I told the guy I was still living in D.C. but that unfortunately I had just been called for jury duty, and I had to go back home for that, and it would only take two weeks at most.  He quite agreeably gave me an assignment to work up some copy for an advertising campaign of my choice, and he told me to come back to New York as soon as my jury duty was over.  He also advised me to wear a suit and tie -- a "monkey suit" as I was, and still am, in the habit of privately calling that inexplicable piece of men's wear.

And I went home to D.C. and reported for jury duty -- and was promptly excused from it.   But instead of going back to New York early, I stayed at home working hard on coming up with my idea of some advertising copy.

When I thought I had enough to show the guy, I drove back to New York.   But he was somewhat irked when, unwilling to tell any lies, I disclosed that I could've shown up again as much as a week or two earlier, and you can guess the rest.

Ever since I have wondered what would have happened if I had gotten that job, and that has been heightened lately by seeing "Mad Men."

But, as with all the other speculations about the roads not taken, of which I have had my share, in BBD&O's case I don't feel any regrets.

 I flatter myself that even in the highly cut-throat atmosphere of the agency shown on "Mad Men," I would have survived as far as my co-workers would have been concerned.  I have shown many times that I have an unusual knack of getting along with even the worst of the baboon-butts of the world.   And I was not intimidated by that one brief glimpse I got of that high-powered advertising world just by walking through one floor of Batten, Barton, Durstine, and Osborne.   I was arrogant enough to think that if I wanted to, I could do anything I put my mind to.   At least that was what my mother, my sister, and a number of others always told me.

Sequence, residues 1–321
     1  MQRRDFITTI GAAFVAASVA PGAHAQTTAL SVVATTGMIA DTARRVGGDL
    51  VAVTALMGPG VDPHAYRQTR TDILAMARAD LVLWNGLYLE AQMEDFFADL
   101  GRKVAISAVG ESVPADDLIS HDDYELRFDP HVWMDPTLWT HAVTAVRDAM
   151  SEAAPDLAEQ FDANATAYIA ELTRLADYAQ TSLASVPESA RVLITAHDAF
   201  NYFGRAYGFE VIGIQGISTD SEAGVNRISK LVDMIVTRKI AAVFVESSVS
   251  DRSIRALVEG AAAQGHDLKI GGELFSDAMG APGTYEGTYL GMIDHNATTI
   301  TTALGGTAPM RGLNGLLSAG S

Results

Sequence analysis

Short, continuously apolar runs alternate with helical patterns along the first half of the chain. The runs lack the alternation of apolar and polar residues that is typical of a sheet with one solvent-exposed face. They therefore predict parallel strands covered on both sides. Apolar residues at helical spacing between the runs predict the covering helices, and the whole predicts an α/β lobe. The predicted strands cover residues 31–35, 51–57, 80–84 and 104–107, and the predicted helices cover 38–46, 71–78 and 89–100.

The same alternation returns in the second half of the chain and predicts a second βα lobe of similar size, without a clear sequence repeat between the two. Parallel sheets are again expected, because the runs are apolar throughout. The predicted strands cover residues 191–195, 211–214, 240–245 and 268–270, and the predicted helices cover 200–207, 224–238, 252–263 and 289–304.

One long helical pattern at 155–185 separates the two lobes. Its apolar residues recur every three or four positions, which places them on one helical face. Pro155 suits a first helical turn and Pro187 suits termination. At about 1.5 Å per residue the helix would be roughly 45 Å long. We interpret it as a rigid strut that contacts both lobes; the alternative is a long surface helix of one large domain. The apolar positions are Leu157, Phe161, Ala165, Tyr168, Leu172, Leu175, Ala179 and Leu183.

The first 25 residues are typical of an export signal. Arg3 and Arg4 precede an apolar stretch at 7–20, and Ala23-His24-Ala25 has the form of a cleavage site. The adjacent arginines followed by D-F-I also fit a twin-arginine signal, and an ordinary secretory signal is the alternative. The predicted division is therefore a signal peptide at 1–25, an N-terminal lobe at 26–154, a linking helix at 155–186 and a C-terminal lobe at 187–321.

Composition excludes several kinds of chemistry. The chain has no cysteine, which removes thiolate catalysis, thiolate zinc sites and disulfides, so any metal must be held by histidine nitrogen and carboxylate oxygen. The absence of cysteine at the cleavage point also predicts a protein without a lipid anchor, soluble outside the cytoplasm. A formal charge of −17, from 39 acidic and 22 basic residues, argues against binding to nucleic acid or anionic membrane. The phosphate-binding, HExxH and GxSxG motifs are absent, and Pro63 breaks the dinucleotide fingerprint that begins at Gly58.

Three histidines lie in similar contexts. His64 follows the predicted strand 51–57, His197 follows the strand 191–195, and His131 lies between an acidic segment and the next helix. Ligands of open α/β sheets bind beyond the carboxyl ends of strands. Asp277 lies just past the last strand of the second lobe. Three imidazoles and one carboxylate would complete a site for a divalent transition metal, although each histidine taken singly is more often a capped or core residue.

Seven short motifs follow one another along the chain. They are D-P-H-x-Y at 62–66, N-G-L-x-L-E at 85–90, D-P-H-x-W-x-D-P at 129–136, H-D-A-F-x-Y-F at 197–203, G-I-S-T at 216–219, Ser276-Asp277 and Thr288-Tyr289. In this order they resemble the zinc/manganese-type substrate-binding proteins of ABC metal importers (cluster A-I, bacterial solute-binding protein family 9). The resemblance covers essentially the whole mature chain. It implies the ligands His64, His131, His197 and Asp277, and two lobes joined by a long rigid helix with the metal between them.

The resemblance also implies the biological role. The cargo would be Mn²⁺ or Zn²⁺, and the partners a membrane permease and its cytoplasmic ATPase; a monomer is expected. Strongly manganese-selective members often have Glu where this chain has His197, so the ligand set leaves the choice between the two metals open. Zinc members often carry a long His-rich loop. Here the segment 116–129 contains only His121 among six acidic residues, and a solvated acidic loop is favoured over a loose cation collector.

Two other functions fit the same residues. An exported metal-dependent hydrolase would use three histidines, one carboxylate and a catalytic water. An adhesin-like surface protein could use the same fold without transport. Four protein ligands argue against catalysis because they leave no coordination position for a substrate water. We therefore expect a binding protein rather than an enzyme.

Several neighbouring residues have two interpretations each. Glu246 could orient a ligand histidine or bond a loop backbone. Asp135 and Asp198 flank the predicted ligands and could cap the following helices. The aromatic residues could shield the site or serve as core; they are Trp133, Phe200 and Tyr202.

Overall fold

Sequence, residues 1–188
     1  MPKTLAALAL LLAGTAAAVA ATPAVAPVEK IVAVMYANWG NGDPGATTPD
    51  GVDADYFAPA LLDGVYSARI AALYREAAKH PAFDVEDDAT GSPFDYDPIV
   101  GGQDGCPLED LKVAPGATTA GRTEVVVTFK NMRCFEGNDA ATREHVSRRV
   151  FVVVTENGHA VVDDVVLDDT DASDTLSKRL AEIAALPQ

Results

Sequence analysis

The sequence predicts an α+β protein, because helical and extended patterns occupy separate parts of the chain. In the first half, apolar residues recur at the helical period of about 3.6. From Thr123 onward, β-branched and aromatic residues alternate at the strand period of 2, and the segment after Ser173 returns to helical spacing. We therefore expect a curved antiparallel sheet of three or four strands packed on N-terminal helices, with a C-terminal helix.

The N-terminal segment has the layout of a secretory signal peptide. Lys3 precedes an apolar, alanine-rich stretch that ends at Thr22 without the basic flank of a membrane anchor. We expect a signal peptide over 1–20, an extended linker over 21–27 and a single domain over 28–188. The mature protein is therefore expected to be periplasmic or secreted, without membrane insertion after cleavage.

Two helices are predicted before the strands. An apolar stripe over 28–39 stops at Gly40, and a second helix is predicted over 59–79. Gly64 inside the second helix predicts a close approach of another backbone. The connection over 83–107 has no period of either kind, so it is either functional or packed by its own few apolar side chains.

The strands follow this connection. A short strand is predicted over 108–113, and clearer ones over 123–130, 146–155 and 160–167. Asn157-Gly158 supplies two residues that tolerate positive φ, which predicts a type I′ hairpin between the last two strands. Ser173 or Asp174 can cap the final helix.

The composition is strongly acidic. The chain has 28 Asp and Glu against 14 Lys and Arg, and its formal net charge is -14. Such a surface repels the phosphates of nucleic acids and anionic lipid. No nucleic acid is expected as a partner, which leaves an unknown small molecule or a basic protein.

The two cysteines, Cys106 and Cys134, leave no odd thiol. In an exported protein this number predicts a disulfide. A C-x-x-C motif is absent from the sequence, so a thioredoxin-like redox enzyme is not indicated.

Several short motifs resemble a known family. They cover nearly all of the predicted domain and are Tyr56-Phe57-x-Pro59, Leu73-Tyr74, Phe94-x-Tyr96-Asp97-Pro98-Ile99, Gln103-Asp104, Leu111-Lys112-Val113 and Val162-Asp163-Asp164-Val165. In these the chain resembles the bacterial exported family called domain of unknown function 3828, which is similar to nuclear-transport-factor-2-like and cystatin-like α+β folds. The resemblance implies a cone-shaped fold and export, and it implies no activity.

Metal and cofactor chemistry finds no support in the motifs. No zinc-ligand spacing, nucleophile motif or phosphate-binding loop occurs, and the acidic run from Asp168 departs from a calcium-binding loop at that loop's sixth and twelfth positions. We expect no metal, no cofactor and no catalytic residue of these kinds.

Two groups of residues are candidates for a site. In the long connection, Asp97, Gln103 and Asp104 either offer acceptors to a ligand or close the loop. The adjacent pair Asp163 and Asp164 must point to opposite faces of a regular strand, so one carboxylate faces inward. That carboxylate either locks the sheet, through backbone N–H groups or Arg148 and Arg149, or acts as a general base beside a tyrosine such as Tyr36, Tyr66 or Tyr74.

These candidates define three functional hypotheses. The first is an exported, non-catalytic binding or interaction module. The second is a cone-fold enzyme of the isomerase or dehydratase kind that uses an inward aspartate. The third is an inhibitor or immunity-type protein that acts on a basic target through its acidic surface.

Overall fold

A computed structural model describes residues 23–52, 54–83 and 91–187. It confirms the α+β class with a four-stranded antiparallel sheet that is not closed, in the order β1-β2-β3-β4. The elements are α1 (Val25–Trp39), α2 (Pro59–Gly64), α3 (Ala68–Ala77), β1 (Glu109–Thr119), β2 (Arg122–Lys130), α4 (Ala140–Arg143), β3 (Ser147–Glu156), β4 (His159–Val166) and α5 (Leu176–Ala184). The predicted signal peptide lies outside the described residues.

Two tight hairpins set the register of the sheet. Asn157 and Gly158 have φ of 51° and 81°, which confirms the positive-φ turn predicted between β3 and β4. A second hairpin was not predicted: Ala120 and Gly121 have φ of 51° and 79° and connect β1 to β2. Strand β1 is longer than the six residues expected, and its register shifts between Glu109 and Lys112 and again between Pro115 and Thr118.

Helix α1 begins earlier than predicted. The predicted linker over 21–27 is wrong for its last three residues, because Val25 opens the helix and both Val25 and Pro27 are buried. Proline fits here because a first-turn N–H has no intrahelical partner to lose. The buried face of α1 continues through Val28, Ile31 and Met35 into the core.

I think I torpedoed myself there with knowledge aforethought  because in the academic and aspiring writer worlds in which I moved, ad agencies were looked upon as being the pits and the death of the soul, in spite of the obvious financial advantages.  So that was one thing.  Also I have never liked anything about New York City, of which I had already seen enough from an early age, and it was hard to picture living there.   But the most important thing was that I would have had to leave my loving, aging, twice-widowed mother living alone in D.C., and I had trouble with that idea, unless somehow I could've managed to move her up to NYC with me, which would not have been comfortable for her to do, or unless my sister could have taken care of that, and she had fish of her own to fry.

  Still, what if, while I was busy writing my Volkswagen ads,  BBD&O had had somebody walking around to look at all day long like the spectacularly endowed "Joan" character (real name: Christina Hendricks) in "Mad Men?"   Now that IS something to think about!